Landry said the real problem is that town and school leaders aren’t looking at “total compensation” when coming up with their annual budgets. He said the town now pays $5 million a year into its retiree health insurance fund when it should be paying $13 million. The only way to cut that cost, he said, is to reduce benefit eligibility.
Major came to the defense of the town finances, saying Andover was just one of 11 communities in the state with a AAA bond rating and has one of the lowest tax rates among comparable communities.
He said by paying an additional $1 million a year into the town’s pension liability, as proposed in this year’s budget, “that will shorten our pension liability by eight years and reduce our long-term taxes by $82 million.”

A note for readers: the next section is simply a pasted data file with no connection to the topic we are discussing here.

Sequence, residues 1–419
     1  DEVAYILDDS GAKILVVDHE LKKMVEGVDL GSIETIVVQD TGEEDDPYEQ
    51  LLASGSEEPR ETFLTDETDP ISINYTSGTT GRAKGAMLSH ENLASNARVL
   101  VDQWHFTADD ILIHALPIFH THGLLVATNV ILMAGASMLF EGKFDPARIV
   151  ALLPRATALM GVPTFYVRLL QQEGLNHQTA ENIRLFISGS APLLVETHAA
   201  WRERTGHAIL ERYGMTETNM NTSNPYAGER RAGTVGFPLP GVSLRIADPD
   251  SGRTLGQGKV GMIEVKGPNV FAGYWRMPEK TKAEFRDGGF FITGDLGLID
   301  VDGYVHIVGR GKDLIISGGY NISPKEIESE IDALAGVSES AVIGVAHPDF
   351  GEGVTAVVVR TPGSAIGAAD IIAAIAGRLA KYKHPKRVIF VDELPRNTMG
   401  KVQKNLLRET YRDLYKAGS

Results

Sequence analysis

Major also said there were “many things” the town could do to reduce expenses, including having the new teen center cleaned by volunteer members from Andover Youth Services rather than by a paid custodian, which is how it’s done in North Andover. He said the town is also working on a deal to purchase solar tax credits, which would reduce the town’s energy bills.
Finally, Major said, the town should buy streetlights from National Grid — also something done by North Andover — which would save money in the long run.
Senior, too, pointed to North Andover as an example in offering free, full-day kindergarten to the community, while Andover charges $4,500 a year, the highest fee in the state, for the program.
“They increased the number of students and increased the amount of state aid,” Senior said. “I don’t see this kind of creativity or vision in Andover.”